I love watching Limor/Lady Ada take apart a Consumer Electronic device and explain to us what the chips are and what is going on. I thought what a great learning opportunity to take something that I have some familiarity with – in this case pH and EC circuits – and find a product to take apart and figure out how the circuit works.
The product I picked was the ph/EC-983. I picked up a couple on eBay.
This handy tool integrates a pH and EC probe as well as gives a temperature reading. It is inexpensive and if it is “good enough” I was thinking it would be super amazing to plunk the probe in the nutrient bath. I would use firmware to take pH/EC measurements and use the measurements to adjust the pH and nutrients.
I was mostly interested in the bottom piece. The bottom piece contains the pH and EC probes:
I was thinking if I could figure out the signals coming out of the probe:
So that I could put the probe in the nutrient bath and connect up a pH/EC circuit to be monitored through firmware.
Hmmm…I couldn’t pry apart the device in the nice, clean way Lady Ada is able to…so…out came the Dremel!
The Active Parts
To get started, I looked at the active parts.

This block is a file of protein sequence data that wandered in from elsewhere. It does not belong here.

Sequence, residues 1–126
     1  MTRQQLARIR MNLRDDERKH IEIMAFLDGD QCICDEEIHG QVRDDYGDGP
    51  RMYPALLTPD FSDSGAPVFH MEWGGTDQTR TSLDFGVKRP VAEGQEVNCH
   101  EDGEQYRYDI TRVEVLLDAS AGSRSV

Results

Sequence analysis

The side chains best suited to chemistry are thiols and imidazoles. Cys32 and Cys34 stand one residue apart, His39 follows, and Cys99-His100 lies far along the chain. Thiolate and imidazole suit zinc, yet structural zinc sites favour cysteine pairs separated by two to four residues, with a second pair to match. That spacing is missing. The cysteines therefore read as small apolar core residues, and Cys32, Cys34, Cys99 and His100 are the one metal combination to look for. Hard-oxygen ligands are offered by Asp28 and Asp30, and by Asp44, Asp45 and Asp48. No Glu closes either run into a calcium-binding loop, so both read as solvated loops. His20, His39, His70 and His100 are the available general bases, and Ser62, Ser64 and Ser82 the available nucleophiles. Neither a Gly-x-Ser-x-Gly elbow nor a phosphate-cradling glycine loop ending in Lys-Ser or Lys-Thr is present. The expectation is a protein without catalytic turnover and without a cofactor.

These two images show the location of the parts:
Two of the chips are the HEF 4053BT (data sheet):
From the data sheet: The HEF4053B is a triple single-pole double-throw (SPDT) analog switch, suitable for use as an analog or digital multiplexer/demultiplexer. This page on Basic Electricity has a great discussion on switches including SPDT switches.
Another is the HEF 4011BT (data sheet):
From the data sheet: The HEF4011B is a quad 2-input NAND gate.
Another chip is a variant on the 062C dual op amp (data sheet):
The internal ICL7106 (data sheet):
From the data sheet: TheICL7106 is designed to interface with a liquid crystal display(LCD)…
Unfortunately, I got a little too aggressive with the Dremel. I’m still able to make out this chip is a HEF4030BT (data sheet):
From the data sheet: The HEF4030B is a quad 2-input EXCLUSIVE-OR gate.
Drat…the Dremel scratched the markings off this chip. I can tell it is a Maxim and there looks to be A1601…or A1801…or…:
The SGM3005 XMS (data sheet):
From the data sheet: The SGM3005 is a dual, low on-resistance, low voltage, bidirectional, single-pole/double-throw (SPDT) CMOS analog switch designed to operate from a single 1.8V to 5.5V power supply.
At this point, my eyes hurt. Time to stop for now.